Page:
It’s not that I don’t care about someone who fell through the cracks, whose issues weren’t caught in time to prevent a tragedy. I do care. My heart goes out to those people and their families and I keep them in my prayers. I don’t need to know their names in order to pray for them… God is omnipotent. He knows them, even if they do not know Him.
I believe that the near constant focus of the media on the suspects of horrific acts only serves to glorify the evil-doers. Take Bonnie and Clyde for instance… no surnames are needed. Everyone knows who they were and what they did. Their story has been glorified and romanticized. Movies have been made about them.
Public safety is paramount. We need to know if perpetrators are at large; where they might be, that they are dangerous and desperate people with little left to lose, what we can do to protect ourselves. We do not need to hear an interview with their second-grade teacher or a former friend or spouse.
Once they are apprehended, we do not need to know where they are locked up. We do not need a blow-by-blow account of their arraignment, probable cause, court date, and lawyer’s names. We do not need to know who testified for or against them. We do not need to see their picture on television for days on end.
Keep it simple. Tell us who they are, what they did, and what the verdict was. That’s all we need to know. Endless reporting of details ad nauseam keeps the focus on the criminal, not the unfortunate people who were in the wrong place at the wrong time.
Instead, respectfully and without invasion of privacy, tell us about the victims and their community. Don’t hound them unmercifully, but ask their permission (once) to air a brief history and tell me how they and their families are doing. Tell me how the community is dealing with the tragedy. Let us know what they are doing to rebuild and move on. How are they honoring their loved ones? Most importantly, let me know how I can help.
I worked as a mental health nurse for nineteen years in the Minnesota state run mental health system. During those nineteen years, I worked with patients who suffered from depression, suicidal ideation, homicidal thoughts, terroristic intention, pyromania, bipolar disorder, ADHD, PTSD, sociopathic personality disorder, anti-social personality disorder, borderline personality disorder, schizophrenia, chemical dependency, and developmental disablility.
I saw the consequences of violence from both sides.
Some of my patients expressed a desire to commit ‘copycat’ crimes, replicating the actions of someone they saw repeatedly on the news as closely as they could. Others idolized those perpetrators: Timothy McVeigh, Jeffrey Dahmer, and others. Bonnie and Clyde.
Still others put voice to intent… stating that they felt invisible, unnoticed, unloved, outcast and unknown. Once gone, they felt they would not be missed.
What they said next chilled my blood; if they couldn’t gain recognition for who they were in this life, they wanted to do something to make people stand up and take notice… something like carrying out a plan to execute innocent people. It didn’t matter to them if they were killed in the process; their goal would have been accomplished in the act. They would be famous; their names would never be forgotten. Ever. Like Bonnie and Clyde.
Now most state hospitals are closed and school counseling positions are being cut as cost saving measures. The Church is no longer the center of our communities. More people are falling through the cracks, going undiagnosed, unseen, and overlooked. They are victims, as well. Their families have to live with the consequences of their actions, and those families pay a price as well. Their name is forever besmerched. Some of them relocate in an effort to make a fresh start. They may be haunted, lie awake at night and ask themselves where they went wrong, what clue they missed? I probably would.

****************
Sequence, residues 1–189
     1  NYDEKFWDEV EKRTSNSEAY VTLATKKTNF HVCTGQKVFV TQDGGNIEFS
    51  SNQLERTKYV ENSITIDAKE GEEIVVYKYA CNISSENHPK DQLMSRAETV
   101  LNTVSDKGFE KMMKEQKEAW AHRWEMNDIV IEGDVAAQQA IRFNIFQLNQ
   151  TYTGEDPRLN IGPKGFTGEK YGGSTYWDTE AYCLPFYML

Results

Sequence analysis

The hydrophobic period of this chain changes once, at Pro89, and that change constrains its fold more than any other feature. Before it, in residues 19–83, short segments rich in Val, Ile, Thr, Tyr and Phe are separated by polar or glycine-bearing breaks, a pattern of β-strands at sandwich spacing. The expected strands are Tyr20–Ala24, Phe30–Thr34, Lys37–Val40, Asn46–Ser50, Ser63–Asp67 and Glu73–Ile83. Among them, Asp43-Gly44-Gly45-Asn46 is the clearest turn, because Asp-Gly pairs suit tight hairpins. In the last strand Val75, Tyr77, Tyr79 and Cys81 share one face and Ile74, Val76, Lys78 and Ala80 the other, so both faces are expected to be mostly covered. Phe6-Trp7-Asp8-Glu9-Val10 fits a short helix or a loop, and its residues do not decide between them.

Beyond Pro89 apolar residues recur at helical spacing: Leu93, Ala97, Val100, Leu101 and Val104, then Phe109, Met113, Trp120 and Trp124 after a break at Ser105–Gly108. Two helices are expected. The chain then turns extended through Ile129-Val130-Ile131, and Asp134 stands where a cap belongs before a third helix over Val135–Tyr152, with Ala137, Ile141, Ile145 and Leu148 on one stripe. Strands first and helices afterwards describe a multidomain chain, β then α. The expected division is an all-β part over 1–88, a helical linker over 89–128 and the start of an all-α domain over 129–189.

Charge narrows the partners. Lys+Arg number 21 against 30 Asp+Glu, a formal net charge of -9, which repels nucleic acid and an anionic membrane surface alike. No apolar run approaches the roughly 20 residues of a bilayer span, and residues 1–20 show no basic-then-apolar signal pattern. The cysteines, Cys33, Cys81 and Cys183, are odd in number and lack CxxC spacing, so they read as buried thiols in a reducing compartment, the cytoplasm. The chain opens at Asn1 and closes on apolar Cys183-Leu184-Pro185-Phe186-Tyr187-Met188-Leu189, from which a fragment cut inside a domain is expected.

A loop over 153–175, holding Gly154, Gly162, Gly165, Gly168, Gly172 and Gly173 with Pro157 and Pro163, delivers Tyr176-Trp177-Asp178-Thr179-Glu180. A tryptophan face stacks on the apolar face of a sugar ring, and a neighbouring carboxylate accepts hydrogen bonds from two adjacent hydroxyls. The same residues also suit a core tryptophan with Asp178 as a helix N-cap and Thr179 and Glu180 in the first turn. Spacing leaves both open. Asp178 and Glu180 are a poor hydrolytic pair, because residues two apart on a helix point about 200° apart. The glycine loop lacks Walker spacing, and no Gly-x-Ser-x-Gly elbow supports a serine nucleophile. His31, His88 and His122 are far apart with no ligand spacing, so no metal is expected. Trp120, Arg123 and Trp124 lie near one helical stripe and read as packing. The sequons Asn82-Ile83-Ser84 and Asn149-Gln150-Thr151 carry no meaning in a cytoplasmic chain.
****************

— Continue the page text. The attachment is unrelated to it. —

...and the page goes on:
This is a multi-faceted issue. Each case is unique and there is no one solution. Gun control is not the answer because first, guns are not the universal weapon of choice, and second, the likelihood of criminals following the rules and submitting to background checks is most likely quite low. Prohibition of alcohol did not stop people from drinking, so why would outlawing guns stop shootings? Stripping law abiding citizens of the right to own a gun is not the answer.
I’d like to see us begin by changing the focus of the media from the criminal to the innocent victims, providing better mental health care to everyone; put counselors back in schools and give them manageable case loads.
Let’s invest in our children and give them the best start possible… they are the future. Put physical education, art, and music back into the curriculum and bring back the Pledge of Allegiance.
Allow and encourage prayer in public, especially in our schools. God has always been in our schools, let’s recognize that fact once again.
Way back in the Fall of ‘14 when the grass was green and lush, I noticed a dripping faucet in the bathroom. I did what I always do with matters of home maintenance… I told my husband. He’s somewhat of a jack of all trades and can fix most anything if he puts his mind to it.
“The bathroom faucet is leaking…” I said.
Jim sighed and grumbled something unintelligible.
A month or so later, we found ourselves in our local Menard’s on a completely unrelated mission. We passed by the bathroom faucets en route to the check-outs. (That might have been intentional on my part).
“Oh, look! Bathroom faucets… c’mon, let’s look…” I said, infusing my speech with surprise.
“It’s fine. It’ll last a long time yet.” Jim mumbled.
“No, no, no… let’s buy one today so we have it on hand. Just in case.”
His sigh was accompanied by his trademark unintelligible grumbling.